# Linear equations

Linear equations such as ordinary and partial differential equations, fractional differential equations and integral equations can be solved using ApproxFun. This is accomplished using `A\b`

where `A`

is an `Operator`

and `b`

is a `Fun`

. As a simple example, consider the equation

where we want a solution that is periodic on $[0,2\pi)$. This can be solved succinctly as follows:

```
julia> b = Fun(cos,Fourier());
julia> c = 0.1; u = (๐+c*I)\b;
julia> u(0.6)
0.64076835137228
julia> (c*cos(0.6)+sin(0.6))/(1+c^2) # exact solution
0.6407683513722804
```

Recall that `๐`

is an alias to `Derivative() == Derivative(UnsetSpace(),1)`

.

As another example, consider the Fredholm integral equation

We can solve this equation as follows:

```
julia> ฮฃ = DefiniteIntegral(Chebyshev()); x = Fun();
julia> u = (I+exp(x)*ฮฃ[cos(x)]) \ cos(exp(x));
julia> u(0.1)
0.21864294855628802
```

Note that we used the syntax `op[f::Fun]`

, which is a shorthand for `op*Multiplication(f)`

.

## Boundary conditions

Incorporating boundary conditions into differential equations is important so that the equation is well-posed. This is accomplished via combining operators and functionals (i.e., `1 ร โ`

operators). As a simple example, consider the first order initial value problem

To pose this in ApproxFun, we want to find a `u`

such that `Evaluation(0)*u == 1`

and `(๐ - t)*u == 0`

. This is accomplished via:

```
julia> t = Fun(0..1);
julia> u = [Evaluation(0); ๐ - t] \ [1;0];
julia> u(0)
0.9999999999999996
julia> norm(u'-t*u)
1.2016080299388273e-16
```

Behind the scenes, the `Vector{Operator{T}}`

representing the functionals and operators are combined into a single `InterlaceOperator`

.

A common usage is two-point boundary value problems. Consider the singularly perturbed boundary value problem:

This can be solved in ApproxFun via:

```
julia> x = Fun();
julia> u = [Evaluation(-1);
Evaluation(1);
1/70*๐^2-x*๐+I] \ [1,2,0];
julia> u(0.1)
0.049999999999960326
```

Note in this case the space is inferred from the variable coefficient `x`

.

This ODE can also be solved using the `Dirichlet`

operator:

```
julia> x = Fun();
julia> u = [Dirichlet();
1/70*๐^2-x*๐+I] \ [[1,2],0];
julia> u(0.1)
0.04999999999996019
```

## Eigenvalue Problems

In analogy to linear algebra, many differential equations may be posed as eigenvalue problems. That is, for some differential operator $L$, there are a family of functions $u_i(x)$ such that $ L~u*i(x) = \lambda*i u*i(x) $ where \lambda*i$ is the $i^{th}$ eigenvalue of the $L$ and has a corresponding *eigenfunction* $u_i(x)$. A classic eigenvalue problem is known as the quantum harmonic oscillator where $L = -\frac{1}{2}\frac{d^2}{dx^2} + \frac{1}{2} x^2$ and one demands that $u(\infty) = u(-\infty) = 0$. Because we expect the solutions to be exponentially suppressed for large $x$, we can approximate this with Dirichlet boundary conditions at a 'reasonably large' $x$ without much difference.

We can express this in ApproxFun as the following:

```
x = Fun(-8 .. 8)
L = -๐^2/2 + x^2/2
S = space(x)
B = Dirichlet(S)
ฮป, v = ApproxFun.eigs(B, L, 500,tolerance=1E-10)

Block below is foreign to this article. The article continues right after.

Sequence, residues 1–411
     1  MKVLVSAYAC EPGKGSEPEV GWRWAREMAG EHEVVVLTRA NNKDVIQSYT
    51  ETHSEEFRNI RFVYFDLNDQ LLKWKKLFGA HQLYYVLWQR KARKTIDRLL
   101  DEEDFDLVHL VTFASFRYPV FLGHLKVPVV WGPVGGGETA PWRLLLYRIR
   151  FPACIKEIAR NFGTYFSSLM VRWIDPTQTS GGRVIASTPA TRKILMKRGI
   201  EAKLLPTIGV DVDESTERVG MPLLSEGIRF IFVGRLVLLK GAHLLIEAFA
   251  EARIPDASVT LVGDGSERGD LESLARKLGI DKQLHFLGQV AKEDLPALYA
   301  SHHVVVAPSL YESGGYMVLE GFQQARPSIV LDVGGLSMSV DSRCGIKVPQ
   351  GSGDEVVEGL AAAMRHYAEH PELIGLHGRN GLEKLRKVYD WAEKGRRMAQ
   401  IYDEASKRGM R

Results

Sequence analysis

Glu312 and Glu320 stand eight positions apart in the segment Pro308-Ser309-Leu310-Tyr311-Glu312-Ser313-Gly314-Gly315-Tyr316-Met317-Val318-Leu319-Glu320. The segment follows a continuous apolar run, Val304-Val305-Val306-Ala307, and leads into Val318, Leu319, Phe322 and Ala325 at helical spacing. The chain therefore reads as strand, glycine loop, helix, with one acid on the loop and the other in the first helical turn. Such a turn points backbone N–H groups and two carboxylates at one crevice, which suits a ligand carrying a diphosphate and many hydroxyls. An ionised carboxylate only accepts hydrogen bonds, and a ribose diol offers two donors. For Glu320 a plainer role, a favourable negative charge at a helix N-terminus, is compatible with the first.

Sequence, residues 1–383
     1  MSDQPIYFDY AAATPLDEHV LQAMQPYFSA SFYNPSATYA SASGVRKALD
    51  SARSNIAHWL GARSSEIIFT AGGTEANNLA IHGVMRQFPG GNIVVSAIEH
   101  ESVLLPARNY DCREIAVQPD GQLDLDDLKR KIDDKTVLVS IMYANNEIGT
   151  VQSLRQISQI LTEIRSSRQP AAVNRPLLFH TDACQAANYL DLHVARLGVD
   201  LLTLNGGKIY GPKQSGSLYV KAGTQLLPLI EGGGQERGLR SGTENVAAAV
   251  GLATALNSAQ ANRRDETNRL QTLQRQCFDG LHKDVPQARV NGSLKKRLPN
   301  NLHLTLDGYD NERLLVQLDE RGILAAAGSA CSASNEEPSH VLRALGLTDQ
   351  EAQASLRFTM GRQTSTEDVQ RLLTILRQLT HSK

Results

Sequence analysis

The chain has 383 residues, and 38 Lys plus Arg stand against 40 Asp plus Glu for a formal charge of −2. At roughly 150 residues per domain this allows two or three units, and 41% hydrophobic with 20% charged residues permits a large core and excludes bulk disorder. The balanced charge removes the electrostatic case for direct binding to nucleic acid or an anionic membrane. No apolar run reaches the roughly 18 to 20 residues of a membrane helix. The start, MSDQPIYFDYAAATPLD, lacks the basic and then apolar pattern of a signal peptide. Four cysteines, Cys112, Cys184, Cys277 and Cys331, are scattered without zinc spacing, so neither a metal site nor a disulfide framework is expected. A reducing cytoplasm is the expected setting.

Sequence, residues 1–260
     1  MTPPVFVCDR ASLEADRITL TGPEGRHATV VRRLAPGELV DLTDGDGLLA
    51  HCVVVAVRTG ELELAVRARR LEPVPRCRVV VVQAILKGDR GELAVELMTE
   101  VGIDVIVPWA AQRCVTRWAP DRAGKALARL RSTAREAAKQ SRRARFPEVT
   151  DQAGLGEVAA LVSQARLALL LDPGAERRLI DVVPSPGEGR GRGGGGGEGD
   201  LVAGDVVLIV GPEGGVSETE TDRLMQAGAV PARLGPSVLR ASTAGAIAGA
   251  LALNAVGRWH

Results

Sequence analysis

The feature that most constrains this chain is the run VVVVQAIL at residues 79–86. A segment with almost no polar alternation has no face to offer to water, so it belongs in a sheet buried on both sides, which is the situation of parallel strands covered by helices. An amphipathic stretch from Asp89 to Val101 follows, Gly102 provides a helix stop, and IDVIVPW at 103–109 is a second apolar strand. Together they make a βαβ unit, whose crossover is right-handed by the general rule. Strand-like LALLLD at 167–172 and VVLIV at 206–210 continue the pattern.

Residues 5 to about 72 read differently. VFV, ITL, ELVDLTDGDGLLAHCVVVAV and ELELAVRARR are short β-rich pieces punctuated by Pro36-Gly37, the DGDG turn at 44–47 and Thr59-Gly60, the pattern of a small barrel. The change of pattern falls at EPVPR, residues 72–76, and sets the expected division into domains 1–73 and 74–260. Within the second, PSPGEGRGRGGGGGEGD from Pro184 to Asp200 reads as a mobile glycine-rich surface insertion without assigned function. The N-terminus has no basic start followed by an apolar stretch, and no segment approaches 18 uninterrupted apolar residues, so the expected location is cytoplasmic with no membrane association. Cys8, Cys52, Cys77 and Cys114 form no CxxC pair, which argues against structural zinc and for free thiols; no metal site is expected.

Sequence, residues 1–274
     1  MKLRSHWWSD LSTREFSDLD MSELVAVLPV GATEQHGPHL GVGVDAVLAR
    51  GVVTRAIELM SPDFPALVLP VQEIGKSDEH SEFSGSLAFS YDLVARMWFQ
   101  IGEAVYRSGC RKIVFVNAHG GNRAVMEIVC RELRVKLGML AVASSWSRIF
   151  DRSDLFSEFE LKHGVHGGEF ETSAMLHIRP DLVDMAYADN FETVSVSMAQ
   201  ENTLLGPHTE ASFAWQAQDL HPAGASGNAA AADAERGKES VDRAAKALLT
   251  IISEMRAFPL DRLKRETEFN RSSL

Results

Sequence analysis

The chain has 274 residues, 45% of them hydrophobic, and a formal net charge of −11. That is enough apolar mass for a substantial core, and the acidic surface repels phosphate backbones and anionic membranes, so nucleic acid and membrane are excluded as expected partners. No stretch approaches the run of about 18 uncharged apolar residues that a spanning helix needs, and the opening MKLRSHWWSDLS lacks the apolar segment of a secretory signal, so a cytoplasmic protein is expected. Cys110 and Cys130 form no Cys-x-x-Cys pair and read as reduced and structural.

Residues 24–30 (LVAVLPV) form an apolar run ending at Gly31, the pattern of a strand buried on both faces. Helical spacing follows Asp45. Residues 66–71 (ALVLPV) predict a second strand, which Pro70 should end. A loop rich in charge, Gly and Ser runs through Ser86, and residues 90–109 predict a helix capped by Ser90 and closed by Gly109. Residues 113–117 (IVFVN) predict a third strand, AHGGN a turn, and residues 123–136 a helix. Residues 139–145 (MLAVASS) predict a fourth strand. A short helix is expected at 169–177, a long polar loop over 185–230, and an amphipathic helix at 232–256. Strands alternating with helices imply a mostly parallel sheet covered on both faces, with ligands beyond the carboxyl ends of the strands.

```

note that boundary conditions must be specified in the call to `eigs`

. Plotting the first $20$ eigenfunctions offset vertically by their eigenvalue, we see

If the solutions are not relatively constant near the boundary then one should push the boundaries further out.

For problems with different contraints or boundary conditions, `B`

can be any zero functional constraint, eg. `DefiniteIntegral()`

.

## Systems of equations

Systems of equations can be handled by creating a matrix of operators and functionals. For example, we can solve the system

using the following code:

```
julia> x = Fun(); B = Evaluation(Chebyshev(),-1);
julia> A = [B 0;
B*๐ 0;
0 B;
๐^2-I 2I;
I ๐+I];
julia> u,v = A\[0;0;0;exp(x);cos(x)];
julia> u(-1),u'(-1),v(-1)
(-4.163336342344337e-17,-2.7755575615628914e-16,-2.220446049250313e-16)
julia> norm(u''-u+2v-exp(x))
5.981056979045254e-16
julia> norm(u + v'+v-cos(x))
2.3189209621240424e-16
```

In this example, the automatic space detection failed and so we needed to specify explicitly that the domain space for `B`

is `Chebyshev()`

.

## QR Factorization

Behind the scenes, `A\b`

where `A`

is an `Operator`

is implemented via an adaptive QR factorization. That is, it is equivalent to `qr(A)\b`

. (There is a subtlety here in space inferring: `A\b`

can use both `A`

and `b`

to determine the domain space, while `qr(A)`

only sees the operator `A`

.) Note that `qr`

adaptively caches a partial QR Factorization as it is applied to different right-hand sides, so the same operator can be inverted much more efficiently in subsequent problems.

## Partial differential equations

Partial differential operators are also supported. Here's an example of solving the Poisson equation with zero boundary conditions:

```
d = Domain(-1..1)^2
x,y = Fun(d)
f = exp.(-10(x+0.3)^2-20(y-0.2)^2) # use broadcasting as exp(f) not implemented in 2D
A = [Dirichlet(d);ฮ] # ฮ is an alias for Laplacian()
@time u = A \ [zeros(โ(d));f] #4s for ~3k coefficients
```

Using a QR Factorization reduces the cost of subsequent calls substantially:

```
QR = qr(A)
@time QR \ [zeros(โ(d));f] # 4s
g = exp.(-10(x+0.2)^2-20(y-0.1)^2)
@time QR \ [zeros(โ(d));g] # 0.09s
```

Many PDEs have weak singularities at the corners, in which case it is beneficial to specify a tolerance to reduce the time:

`\(A, [zeros(โ(d));f]; tolerance=1E-6)`

## Nonlinear equations

There is preliminary support for nonlinear equations, via Newton iteration in function space. Here is a simple two-point boundary value problem:

This can be solved using

```
x = Fun()
N = u -> [u(-1.)-c; u(1.); ฮต*u'' + 6*(1-x^2)*u' + u^2 - 1.0]
u = newton(N,u0)
```